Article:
The Israel Foreign Ministry, opened a year ago, is one of ten recent architectural projects to be awarded the 2004 Business Week/Architectural Record (BW/AR) Award.

 Israel Foreign Ministry wins prestigious architecture award

 

The Israel Foreign Ministry, opened a year ago, is one of ten recent architectural projects to be awarded the 2004 Business Week/Architectural Record (BW/AR) Award.

Given annually, the BW/AR Awards honor architects and clients who best utilize good design to achieve important objectives for organizations such as marketing products and services, attracting and maintaining a high-quality student body or workforce, improving the health and welfare of employees, and uplifting the immediate environment. This year, the recipients largely represented the cultural and governmental sectors.

The BW/AR Award, now in its eighth year, is sponsored by the American Institute of Architects (AIA), in conjunction with Architectural Record and Business Week. This year’s recipients consist of three government facilities, five cultural/educational projects, and two aid organizations. They range from a community center in LA’s Skid Row to an iron studio in rural North Carolina, from a martial arts facility in Japan to the foreign ministry in Jerusalem, but at the core they all share one attribute – they understand how good design can achieve important organizational objectives.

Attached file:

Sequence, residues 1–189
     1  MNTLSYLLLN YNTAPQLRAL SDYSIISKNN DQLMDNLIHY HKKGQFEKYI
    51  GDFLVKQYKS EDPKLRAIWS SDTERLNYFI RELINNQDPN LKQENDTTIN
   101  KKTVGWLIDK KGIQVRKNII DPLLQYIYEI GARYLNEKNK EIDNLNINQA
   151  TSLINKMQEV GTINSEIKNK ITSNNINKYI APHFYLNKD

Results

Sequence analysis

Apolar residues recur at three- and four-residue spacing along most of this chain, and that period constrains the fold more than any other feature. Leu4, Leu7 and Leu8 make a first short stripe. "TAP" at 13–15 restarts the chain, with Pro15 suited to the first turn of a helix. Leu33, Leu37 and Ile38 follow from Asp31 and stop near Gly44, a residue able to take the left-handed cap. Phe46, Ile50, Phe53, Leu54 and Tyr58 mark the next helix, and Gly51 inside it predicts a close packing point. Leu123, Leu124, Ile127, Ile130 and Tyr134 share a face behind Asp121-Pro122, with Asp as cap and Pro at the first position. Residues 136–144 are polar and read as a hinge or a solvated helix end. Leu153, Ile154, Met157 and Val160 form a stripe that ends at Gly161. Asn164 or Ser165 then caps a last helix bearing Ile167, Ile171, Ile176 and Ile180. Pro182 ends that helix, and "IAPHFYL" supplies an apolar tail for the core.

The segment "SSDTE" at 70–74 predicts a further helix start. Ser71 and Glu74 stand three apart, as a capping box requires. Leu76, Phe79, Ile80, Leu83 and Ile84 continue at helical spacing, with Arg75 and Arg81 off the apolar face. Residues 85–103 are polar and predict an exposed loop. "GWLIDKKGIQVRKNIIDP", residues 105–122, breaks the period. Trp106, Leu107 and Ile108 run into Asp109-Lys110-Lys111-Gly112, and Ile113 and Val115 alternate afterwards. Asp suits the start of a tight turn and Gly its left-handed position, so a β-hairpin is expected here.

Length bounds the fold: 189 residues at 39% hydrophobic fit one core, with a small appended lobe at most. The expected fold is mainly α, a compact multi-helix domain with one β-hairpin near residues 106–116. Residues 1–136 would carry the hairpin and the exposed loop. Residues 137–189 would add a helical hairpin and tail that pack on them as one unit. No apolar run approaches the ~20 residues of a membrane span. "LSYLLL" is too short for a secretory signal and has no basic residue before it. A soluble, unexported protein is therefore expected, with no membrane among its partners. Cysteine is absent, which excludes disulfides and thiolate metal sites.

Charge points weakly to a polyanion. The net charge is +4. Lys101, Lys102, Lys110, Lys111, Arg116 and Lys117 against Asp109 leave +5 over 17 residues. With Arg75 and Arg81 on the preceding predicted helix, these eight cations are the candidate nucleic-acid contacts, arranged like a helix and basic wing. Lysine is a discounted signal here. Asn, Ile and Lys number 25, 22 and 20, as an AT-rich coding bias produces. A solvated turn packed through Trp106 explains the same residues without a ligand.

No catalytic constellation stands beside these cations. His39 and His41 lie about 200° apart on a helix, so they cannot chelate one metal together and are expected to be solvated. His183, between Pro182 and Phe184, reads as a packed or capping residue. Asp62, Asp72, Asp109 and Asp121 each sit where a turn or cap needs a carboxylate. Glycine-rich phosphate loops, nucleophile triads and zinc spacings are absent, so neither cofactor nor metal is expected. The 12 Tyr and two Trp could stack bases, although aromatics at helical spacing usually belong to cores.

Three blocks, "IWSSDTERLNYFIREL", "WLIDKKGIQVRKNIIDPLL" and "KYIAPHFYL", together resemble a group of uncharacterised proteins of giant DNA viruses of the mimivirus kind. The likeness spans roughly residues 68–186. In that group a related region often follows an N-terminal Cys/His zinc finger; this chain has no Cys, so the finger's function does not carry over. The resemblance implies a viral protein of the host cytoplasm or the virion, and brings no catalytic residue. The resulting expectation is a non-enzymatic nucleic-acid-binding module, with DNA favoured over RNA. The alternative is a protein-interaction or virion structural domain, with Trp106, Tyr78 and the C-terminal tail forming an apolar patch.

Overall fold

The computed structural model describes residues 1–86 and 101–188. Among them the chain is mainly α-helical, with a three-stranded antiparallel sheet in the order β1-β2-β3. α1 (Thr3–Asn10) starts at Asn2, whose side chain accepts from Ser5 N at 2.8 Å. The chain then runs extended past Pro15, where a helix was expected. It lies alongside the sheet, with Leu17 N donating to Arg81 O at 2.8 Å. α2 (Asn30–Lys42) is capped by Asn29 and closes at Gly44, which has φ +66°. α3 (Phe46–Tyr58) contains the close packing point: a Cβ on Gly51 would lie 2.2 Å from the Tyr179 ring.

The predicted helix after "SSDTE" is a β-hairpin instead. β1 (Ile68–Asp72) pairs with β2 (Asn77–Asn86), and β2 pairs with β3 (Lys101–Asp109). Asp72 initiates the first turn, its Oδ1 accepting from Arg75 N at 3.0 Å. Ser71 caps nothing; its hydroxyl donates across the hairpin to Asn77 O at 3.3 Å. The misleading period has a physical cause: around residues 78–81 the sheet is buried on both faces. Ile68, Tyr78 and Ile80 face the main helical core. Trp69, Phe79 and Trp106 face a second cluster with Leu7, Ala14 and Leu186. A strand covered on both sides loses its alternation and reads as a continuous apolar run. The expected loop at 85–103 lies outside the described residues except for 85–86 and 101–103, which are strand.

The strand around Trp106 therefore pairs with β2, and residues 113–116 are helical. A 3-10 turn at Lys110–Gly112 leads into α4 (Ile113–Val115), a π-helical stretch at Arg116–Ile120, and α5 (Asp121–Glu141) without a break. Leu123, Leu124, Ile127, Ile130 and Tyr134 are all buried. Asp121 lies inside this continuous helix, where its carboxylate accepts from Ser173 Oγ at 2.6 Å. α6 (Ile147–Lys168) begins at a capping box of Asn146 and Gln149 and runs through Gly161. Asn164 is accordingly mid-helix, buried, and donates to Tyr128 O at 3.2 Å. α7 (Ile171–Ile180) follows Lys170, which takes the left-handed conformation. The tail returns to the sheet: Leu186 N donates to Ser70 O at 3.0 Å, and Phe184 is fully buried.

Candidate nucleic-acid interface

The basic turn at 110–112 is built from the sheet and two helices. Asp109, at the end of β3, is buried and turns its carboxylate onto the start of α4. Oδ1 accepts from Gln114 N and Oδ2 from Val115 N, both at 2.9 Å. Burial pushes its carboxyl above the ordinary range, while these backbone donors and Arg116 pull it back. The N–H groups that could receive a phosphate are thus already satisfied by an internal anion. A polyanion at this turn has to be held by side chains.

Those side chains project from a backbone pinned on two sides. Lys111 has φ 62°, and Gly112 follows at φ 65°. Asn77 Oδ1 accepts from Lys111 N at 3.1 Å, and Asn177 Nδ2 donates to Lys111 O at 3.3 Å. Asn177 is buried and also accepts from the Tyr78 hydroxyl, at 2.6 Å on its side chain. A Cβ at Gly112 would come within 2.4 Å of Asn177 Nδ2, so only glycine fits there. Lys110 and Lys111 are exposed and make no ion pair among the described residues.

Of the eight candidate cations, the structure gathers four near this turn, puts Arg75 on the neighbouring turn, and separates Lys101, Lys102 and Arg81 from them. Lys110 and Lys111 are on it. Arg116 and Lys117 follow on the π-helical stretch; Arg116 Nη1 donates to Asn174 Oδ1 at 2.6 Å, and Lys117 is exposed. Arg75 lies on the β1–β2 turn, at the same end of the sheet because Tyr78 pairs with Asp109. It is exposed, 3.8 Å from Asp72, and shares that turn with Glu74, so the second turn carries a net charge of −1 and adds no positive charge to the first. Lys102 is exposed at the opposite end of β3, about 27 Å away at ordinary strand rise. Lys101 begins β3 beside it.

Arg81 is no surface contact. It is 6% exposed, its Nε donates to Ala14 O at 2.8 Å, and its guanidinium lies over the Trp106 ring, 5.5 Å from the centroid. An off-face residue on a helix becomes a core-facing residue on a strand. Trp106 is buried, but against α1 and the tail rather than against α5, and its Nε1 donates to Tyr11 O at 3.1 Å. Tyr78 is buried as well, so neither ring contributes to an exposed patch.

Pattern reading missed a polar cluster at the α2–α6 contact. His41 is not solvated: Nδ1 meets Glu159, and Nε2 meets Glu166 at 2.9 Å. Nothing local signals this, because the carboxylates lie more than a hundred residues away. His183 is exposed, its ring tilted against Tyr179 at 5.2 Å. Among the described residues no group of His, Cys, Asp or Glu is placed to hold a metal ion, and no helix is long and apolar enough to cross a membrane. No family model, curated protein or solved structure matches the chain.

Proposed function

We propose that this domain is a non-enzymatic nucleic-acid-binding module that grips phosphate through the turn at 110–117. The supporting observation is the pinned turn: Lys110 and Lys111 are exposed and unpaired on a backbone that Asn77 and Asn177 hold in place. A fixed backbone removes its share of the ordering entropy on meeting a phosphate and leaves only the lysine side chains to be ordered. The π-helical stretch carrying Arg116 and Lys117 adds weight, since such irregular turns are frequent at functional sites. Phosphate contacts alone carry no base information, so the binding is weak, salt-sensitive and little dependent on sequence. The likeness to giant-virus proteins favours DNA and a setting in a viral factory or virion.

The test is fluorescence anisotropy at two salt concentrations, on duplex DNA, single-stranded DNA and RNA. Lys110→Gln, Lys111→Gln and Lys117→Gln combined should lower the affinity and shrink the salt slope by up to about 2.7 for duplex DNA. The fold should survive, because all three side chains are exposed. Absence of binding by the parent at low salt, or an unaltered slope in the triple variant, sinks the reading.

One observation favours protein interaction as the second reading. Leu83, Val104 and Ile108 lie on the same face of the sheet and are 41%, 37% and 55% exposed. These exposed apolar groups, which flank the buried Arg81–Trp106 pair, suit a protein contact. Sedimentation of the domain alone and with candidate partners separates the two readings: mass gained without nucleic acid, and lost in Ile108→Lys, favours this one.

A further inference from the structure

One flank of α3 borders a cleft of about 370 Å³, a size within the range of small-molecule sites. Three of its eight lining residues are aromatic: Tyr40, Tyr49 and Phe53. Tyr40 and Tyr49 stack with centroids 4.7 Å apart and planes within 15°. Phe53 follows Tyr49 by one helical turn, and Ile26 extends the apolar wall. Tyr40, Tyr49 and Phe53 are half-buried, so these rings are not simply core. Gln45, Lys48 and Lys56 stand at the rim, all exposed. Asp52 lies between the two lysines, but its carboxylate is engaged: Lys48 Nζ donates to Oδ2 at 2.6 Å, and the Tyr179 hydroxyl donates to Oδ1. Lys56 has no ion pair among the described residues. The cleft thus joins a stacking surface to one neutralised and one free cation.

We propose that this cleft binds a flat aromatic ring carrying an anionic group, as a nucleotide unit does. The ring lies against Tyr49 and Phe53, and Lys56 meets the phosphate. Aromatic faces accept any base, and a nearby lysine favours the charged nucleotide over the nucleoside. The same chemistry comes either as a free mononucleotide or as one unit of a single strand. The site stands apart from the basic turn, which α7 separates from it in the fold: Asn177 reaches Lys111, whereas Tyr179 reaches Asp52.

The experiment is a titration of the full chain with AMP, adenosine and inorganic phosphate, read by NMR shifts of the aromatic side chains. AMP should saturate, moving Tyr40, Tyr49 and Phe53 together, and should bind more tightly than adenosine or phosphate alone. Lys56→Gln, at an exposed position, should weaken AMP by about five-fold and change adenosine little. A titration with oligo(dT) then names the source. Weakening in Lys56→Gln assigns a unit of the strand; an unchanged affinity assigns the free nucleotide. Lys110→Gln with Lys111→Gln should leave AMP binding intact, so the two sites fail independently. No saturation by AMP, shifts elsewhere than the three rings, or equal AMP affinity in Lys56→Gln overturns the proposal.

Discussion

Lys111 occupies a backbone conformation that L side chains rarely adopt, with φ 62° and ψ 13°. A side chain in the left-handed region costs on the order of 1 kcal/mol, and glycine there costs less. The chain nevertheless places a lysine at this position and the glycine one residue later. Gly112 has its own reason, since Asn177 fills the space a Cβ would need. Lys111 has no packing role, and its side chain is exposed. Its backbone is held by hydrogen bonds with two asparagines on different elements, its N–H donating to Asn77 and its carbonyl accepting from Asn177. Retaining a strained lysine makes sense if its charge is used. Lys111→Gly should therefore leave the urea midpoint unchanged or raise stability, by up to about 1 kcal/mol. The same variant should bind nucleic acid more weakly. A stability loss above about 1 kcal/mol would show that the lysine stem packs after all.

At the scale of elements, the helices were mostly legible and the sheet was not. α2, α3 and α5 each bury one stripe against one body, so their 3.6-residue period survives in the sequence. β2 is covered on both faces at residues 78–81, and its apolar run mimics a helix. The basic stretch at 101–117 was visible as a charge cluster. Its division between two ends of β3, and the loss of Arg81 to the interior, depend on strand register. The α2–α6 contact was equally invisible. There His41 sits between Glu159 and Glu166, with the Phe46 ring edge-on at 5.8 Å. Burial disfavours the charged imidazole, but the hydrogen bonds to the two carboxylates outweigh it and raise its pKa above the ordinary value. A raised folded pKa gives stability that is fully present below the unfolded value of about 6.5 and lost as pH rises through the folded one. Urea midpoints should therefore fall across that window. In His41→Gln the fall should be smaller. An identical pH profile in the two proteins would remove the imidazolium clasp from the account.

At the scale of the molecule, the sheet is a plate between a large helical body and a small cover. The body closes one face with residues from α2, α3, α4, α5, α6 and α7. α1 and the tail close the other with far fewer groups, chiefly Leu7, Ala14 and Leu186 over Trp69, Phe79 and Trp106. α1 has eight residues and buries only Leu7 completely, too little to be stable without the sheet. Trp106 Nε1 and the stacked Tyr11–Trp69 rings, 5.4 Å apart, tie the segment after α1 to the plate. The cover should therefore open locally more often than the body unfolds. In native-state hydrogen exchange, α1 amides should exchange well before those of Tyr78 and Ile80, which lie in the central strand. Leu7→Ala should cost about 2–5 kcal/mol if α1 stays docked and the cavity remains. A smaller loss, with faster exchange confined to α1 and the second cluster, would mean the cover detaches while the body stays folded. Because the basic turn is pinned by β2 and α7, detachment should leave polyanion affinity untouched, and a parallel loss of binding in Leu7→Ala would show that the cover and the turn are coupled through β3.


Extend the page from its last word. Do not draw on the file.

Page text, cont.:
The projects were evaluated by a jury of ten consisting of prominent architects, design professionals, and business leaders. The jury looked for a high-degree of collaboration between architect and client, the contribution of design to the project’s success, the quality of the architectural design solution, and measured indicators of success.

Project: Israeli Foreign Ministry, Jerusalem
Architect: Jack Diamond, Hon. FAIA, Diamond and Schmitt Architects, Inc., Toronto, Canada, with Kolker, Kolker Epstein Architects, Jerusalem
Client: Israeli Foreign Ministry, Jerusalem

The 430,000-square-foot facility was designed to accommodate administrative and state ceremonial requirements – services which were formerly scattered in a series of single-story huts. The Foreign Ministry wanted the building to exude a stately and ceremonial function, yet also be a symbol of secure office design in the Middle East. Despite the fundamental need for security, the building achieves a feeling of openness and transparency, while distinguishing itself as an elegant and dignified state building.

Jury comments: “The Israeli Foreign Ministry was a kind of paradigm jump in the quality of government buildings in relationship to Israel as compared to any international standards…One of the things that impressed me is how very demanding security issues were integrated into the architecture so they either became environmental assets or invisible. It’s a model of how security can be achieved. There’s also a sense of ritual in the building that has to do with its ceremonial function as a foreign ministry. It’s actually a luxurious and very well crafted building.”